Rokestan stinger
A soldier readying a Stinger missile, a "light-weight" air defense missile system. Photo: Rokestan
A soldier readying a Stinger missile, a "light-weight" air defense missile system. Photo: Rokestan

Speculation abounds that Syrian rebels may now be getting access to portable surface to air missiles, possibly through the black market for arms or, if the rumors are to be believed, even delivered by Western or allied intelligence operatives.

MANPADS or "man-portable air defense systems" are small missiles that can hit at a range between two and a half to three and a half miles. The Stinger, a U.S.-designed MANPAD produced since 1981, measures only 5 feet long, weighing a scant 33 pounds. That makes it easy to carry and hide on battlefields, easy to operate, and a dread to helicopter pilots, low-flying fighter pilots, and civilian aircraft.

Stingers were delivered by the CIA to the Afghan Mujahideen in the 1980s in an effort to assist them in shooting down helicopter gunships and planes flown by occupying Soviet forces. The strategy worked: Stingers are often cited by defense experts as having a major effect on making the conflict much more costly for the USSR, which eventually withdrew in disgrace in 1989.

Libya possessed thousands of MANPADS before NATO bombings on the country began in March of 2011, many of which are now unaccounted for and missing.

Analysts are concerned that the flow of the highly effective weapons into Syria could also increase the potential that they would fall into the hands of jihadists or terrorists now thought to be operating or infiltrating the country. Those weapons could then be transported out of Syria, eventually moving elsewhere around the world through murky networks, until finally used in terror strikes against civilian airports.

Al-Arabiya, the popular Saudi-funded pan-Arab news network, noted last Friday that anonymous sources in the Syrian opposition had said they were now in possession of limited numbers of Stingers. Fourteen Stinger missiles may have been delivered across the Turkish border to the Free Syrian Army (FSA) last week.

Financing for the weapons is speculated to have come from Saudi Arabia, though it is unknown whether they were delivered by private arms dealers or foreign governments. Rokestan, a Turkish defense contractor, makes the weapon locally under license from the original U.S. developer, Raytheon.

The UK's Daily Mirror, a tabloid newspaper, has thrown caution to the wind, and claims the weapons directly came from the CIA.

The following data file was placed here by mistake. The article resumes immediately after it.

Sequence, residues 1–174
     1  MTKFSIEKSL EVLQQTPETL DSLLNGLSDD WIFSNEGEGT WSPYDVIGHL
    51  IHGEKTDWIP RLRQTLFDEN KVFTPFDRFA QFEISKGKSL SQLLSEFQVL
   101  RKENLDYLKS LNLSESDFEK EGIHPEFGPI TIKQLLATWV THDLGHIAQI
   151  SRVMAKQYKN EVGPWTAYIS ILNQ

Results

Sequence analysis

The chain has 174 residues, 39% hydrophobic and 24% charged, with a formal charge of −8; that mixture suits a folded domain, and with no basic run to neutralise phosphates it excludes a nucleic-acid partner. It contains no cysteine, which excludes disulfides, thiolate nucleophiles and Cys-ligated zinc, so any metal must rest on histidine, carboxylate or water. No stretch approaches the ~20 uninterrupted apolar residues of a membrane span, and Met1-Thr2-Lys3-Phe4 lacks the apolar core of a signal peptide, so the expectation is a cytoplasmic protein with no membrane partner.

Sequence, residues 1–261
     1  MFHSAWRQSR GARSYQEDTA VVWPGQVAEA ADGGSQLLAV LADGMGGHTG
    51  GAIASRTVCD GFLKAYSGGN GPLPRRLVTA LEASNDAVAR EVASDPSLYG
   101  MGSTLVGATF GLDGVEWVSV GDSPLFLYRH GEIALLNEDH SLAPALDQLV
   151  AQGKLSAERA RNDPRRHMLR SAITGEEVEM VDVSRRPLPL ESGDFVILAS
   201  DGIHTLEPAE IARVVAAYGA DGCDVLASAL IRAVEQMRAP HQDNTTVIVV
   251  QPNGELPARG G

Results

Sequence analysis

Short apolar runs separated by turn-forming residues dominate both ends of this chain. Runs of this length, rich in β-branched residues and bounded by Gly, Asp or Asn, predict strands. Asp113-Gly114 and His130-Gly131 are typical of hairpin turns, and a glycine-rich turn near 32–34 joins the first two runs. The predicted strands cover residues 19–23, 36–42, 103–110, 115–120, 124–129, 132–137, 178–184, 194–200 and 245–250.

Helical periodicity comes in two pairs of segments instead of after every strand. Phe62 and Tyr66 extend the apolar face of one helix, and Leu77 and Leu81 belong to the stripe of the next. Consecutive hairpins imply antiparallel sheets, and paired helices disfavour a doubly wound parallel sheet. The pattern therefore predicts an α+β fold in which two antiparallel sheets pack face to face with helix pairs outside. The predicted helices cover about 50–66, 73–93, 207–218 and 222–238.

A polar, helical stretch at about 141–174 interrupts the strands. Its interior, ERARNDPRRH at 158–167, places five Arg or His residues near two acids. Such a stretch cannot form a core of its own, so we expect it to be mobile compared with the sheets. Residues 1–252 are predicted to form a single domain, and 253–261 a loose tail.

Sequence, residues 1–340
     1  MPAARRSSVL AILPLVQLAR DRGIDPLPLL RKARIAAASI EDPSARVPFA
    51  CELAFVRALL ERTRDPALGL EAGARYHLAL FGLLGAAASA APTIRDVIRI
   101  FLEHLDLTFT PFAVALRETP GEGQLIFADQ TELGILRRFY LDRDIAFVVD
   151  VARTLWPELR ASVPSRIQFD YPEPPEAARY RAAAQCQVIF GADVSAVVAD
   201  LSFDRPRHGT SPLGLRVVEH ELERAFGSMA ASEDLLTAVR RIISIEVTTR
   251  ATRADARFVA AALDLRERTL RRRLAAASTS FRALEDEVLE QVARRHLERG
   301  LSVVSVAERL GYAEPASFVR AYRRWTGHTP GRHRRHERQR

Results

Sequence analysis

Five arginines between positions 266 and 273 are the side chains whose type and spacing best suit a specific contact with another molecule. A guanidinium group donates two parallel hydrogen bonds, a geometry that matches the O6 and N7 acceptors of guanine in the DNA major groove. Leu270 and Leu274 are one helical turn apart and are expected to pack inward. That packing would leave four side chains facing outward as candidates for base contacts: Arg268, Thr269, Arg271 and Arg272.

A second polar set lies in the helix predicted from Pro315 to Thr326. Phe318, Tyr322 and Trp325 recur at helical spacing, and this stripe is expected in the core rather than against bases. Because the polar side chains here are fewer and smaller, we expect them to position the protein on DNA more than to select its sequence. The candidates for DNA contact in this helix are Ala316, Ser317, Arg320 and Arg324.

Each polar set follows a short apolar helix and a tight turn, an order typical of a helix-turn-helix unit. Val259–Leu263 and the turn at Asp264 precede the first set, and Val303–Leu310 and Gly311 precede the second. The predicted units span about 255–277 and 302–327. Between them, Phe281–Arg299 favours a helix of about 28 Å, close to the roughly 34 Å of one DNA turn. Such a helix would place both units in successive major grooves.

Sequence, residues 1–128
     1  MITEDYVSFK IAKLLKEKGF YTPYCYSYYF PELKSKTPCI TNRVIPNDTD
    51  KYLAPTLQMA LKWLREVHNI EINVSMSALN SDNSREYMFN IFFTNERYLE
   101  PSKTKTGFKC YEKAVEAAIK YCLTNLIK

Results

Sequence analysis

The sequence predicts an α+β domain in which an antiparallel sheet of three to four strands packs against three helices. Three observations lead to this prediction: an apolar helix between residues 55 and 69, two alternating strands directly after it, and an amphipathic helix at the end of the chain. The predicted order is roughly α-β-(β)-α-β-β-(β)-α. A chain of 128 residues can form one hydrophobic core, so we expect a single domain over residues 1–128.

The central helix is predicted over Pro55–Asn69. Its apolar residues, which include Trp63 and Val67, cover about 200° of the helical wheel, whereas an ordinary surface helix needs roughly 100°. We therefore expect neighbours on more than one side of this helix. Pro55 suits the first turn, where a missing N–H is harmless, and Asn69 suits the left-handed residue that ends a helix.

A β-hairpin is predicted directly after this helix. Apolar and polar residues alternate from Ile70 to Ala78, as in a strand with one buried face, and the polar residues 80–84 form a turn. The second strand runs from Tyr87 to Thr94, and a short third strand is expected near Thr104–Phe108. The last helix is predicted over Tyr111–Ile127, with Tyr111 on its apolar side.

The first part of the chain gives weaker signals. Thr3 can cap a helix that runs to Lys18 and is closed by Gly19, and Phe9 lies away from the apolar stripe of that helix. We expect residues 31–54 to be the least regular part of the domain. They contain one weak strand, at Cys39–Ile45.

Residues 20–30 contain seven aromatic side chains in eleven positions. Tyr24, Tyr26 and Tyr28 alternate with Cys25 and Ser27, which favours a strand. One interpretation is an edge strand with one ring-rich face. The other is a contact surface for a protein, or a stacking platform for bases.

The use of small surface to air missiles by the FSA could increase the risk to Syrian government pilots, helping the rebels make their bombings and strikes against civilian and opposition targets dangerous enough to make the regime reconsider them.

Last Friday, Malik al-Kurdi, the FSA deputy commander, flatly denied possession of Stingers by his group in an interview with Al-Jazeera, but hinted that he would like to have some.

"We're using these anti-aircraft guns to force their planes to fly higher so they can't hit their targets so accurately. If we had those missiles, we'd use them straight away," said Al-Kurdi. He added, "We don't have Stingers. But if we could shoot down their planes, the regime would have to stop using them."

Getting the weapons into the hands of the FSA or to the Syrian border may be the easier part -- tracking them afterwards through the chaos of war may be next to impossible.

Stingers in the hands of the Afghan mujahideen. Photo: Reuters

Voice of America News, the external broadcasting news agency for the U.S. government, quoted Syrian opposition activist "Tony" Al-Taieb in Aleppo as saying that the FSA now considers acquiring MANPADS a major objective.

A military jet shot down last week in Deir el-Zour province, thought to be a Soviet-made MiG-21 or MiG-23 fighter, was claimed by rebels to have been brought down with light anti-aircraft cannon. A low-flying jet on strafing or bombing runs can in fact be damaged or even shot down by machine guns, but MANPADS would prove far more deadly and accurate. The Syrian government says the jet was experiencing "technical difficulties".

The U.S. State Department noted last Thursday that it remained deeply concerned about terrorists entering Syria, saying that "extremist terrorist elements - al-Qaida elements - may be trying to take advantage of the lack of governance, of the chaos, of the violence in Syria for their own agenda."

"We are, in our work with the Syrian opposition, making clear that they need to take a strong stand, not collaborate with these kinds of extremists, speak against violence, and that they must defend the rights and protect the freedoms of all Syrians under their care. We make that point in all of our conversations with Syrian opposition members."